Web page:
What is your name and where are you from?

My name is Aslan Pishdad and I'm from San Jose California, the largest city in the Bay Area.

What is your title and what do you do?

I am the Regional Sales Director for the Western United States.

I'm in the field and responsible for GitGuardian's largest accounts, specifically in the Western U.S. territory. If you think of your household company names like Apple, Salesforce, Adobe—some of the large tech enterprises here—I'm responsible for getting us a foot in the door. Then it's maneuvering; managing the complexities of the organization and various stakeholders to ensure that we're solving an impactful business problem for them. It takes a lot of planning, a lot of internal/external committee involvement, and ultimately showcasing that GitGuardian can solve the problems they face. My north star is always determining and meeting the customer's needs.

What's something you've done at GitGuardian you're really proud of?

I’m really proud of the fact I’ve given field visibility to the GitGuardian brand.

This has taken some extensive traveling. I present at the Snyk booths during various conferences. I’ve presented at OWASP and gotten a lot of great interest from the local communities. On top of that I take pride in helping new team members onboard and sharing what's worked for me and common pitfalls to avoid. When you care about the company & team it's easy to help out and want to see everyone succeed. 

Something that I’m most proud of is having the accolade of selling the largest deal in GitGuardian history for one of our product lines. We did this in record time thanks to a concerted team effort plus the great relationships we formed. Tackling a large business problem was at the core of what we were doing, so inevitably, it was a great outcome for the customer.

What is something you've done outside of work that you're really proud of?

I'm very community-centric and I used to sit as the chair for the city of San Jose's Human Services Commission. So, outside of my daily life. I'm pretty involved in the community. And I think civic responsibility is huge. I campaigned for our city council member in San Jose, who is now our current mayor. So I'm very proud of the fact that I'm involved in my local community and I have relationships within a city the size of San Jose. I try to help as much as I can on a civic level.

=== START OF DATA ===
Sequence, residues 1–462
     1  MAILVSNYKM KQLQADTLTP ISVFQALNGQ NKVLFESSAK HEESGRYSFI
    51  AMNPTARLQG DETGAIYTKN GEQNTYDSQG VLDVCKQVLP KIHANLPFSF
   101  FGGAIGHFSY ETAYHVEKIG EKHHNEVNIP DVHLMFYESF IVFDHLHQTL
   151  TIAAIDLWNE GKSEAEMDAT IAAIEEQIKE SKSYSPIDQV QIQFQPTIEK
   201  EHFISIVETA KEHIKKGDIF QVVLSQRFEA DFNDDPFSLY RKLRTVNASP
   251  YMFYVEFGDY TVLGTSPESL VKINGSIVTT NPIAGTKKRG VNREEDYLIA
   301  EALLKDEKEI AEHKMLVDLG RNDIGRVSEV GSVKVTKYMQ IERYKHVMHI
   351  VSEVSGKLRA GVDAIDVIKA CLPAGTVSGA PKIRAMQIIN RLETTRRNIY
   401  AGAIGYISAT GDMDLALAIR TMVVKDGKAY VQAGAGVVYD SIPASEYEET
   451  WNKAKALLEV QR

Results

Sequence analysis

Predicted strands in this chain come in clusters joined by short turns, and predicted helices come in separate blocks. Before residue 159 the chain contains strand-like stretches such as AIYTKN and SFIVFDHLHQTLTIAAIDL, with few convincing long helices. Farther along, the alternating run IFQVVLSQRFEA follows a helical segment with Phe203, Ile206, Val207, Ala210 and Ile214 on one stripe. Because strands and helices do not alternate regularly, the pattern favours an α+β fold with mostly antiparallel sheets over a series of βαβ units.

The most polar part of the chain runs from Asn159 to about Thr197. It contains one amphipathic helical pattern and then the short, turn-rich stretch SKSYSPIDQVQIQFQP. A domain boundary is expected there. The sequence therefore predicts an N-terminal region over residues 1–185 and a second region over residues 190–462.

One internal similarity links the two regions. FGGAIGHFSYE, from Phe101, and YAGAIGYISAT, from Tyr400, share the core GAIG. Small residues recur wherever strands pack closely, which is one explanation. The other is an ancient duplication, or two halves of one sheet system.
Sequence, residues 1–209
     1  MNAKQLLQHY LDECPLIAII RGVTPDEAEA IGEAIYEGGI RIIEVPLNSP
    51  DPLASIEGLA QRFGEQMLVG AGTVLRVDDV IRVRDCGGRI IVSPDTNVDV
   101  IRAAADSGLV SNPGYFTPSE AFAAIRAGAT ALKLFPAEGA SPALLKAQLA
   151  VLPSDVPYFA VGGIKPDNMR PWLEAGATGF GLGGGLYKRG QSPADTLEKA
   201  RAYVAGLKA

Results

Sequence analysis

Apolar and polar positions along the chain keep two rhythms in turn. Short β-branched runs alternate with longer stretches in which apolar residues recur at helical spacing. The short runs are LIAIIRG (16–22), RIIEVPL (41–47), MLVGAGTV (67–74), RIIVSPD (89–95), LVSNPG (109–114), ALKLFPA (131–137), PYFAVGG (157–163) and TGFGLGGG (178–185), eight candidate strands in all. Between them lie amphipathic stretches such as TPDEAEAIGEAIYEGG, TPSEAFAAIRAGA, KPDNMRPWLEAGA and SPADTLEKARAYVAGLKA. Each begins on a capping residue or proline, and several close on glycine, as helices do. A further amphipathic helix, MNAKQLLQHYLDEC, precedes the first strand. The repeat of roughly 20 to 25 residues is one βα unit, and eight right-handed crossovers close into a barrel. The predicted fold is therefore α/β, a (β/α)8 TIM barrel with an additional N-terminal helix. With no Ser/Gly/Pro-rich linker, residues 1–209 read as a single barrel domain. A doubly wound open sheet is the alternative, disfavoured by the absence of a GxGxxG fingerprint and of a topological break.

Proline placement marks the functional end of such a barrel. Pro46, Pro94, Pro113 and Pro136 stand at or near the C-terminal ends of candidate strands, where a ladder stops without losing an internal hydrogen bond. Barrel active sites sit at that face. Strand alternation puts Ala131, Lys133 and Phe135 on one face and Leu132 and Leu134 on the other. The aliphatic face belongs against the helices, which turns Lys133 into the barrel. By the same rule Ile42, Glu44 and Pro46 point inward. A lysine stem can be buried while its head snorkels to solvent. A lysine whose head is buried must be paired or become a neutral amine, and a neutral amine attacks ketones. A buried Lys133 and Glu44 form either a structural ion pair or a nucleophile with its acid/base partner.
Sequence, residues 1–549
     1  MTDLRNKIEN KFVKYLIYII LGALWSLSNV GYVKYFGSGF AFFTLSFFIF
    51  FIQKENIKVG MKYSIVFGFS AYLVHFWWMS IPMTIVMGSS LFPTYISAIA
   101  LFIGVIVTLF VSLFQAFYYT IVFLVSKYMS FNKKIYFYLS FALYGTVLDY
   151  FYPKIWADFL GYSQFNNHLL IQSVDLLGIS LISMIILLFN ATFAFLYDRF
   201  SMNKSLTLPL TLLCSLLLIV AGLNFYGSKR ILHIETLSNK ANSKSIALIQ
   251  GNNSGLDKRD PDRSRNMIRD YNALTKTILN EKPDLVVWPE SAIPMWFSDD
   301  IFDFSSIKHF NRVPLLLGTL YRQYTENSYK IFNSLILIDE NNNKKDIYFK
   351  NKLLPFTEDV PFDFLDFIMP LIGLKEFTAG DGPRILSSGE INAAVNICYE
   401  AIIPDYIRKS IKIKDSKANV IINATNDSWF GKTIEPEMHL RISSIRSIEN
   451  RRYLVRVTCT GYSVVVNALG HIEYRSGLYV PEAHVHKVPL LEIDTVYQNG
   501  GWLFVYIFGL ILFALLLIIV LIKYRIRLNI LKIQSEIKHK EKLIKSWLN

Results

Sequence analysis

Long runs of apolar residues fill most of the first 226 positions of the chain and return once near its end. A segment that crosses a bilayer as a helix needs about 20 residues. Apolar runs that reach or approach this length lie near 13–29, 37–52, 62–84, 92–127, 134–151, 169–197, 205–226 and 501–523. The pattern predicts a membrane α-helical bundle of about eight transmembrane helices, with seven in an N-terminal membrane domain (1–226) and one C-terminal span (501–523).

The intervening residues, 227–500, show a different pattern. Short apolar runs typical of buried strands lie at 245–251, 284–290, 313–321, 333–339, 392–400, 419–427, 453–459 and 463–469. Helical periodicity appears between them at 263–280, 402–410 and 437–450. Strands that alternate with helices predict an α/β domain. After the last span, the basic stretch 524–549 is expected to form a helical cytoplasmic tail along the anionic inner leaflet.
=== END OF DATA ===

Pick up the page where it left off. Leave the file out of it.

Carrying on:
What is your favorite trick or habit for keeping you ready to face the challenges of your role?

I am involved in improv comedy. I don't do it as much as I used to, but I'm picking it back up. It's very unscripted. It's very live. And it helps in terms of navigating real-world dynamics, especially in our day-to-day, because you're always getting hit with something that comes out of the blue; something that forces you to think quickly and improvise. Improv naturally lends itself to being customer-facing and engaging in a unique way. One other ingrained habit of mine is that I’m a voracious reader - so that's helped me keep up to date on the industry and emerging trends.

Where did you attend university and what's something you learned there that has helped you here at GitGuardian?

[Editor's note for transparency: the author and Aslan are alumni of the same university.]

I went to UCR (University of California at Riverside). I got a full-ride scholarship there, so I didn't have to pick up too many loans at all. That was one of the reasons I went there. 

One thing that I picked up that helps me at GitGuardian is I still have connections to the campus and to the network. Originally when I went, I was going for Public Policy. So, the politicking of the world and my aspirations to be in political life kind of naturally lend themselves to the soft skills that I use in my daily interactions with people. My role is very people centric.

And then the other great thing is I met my wife there, so it's been a 10+ year relationship that has its traces to when I went to college!

Back to the company for the big finale. Aside from the product, what do you like about working at GitGuardian?

They are an amazing crew of people. GitGuardian has this amazing culture of transparency, and that is refreshing. That's rare coming into an organization like this because, historically, cybersecurity companies tend to be a little bit gated and the organization doesn't share as much of what happens behind the scenes. So that's number one. Number two is the team itself. The team is not only hungry, but we’re very collaborative in nature. There's no one that's a jerk which is a huge plus.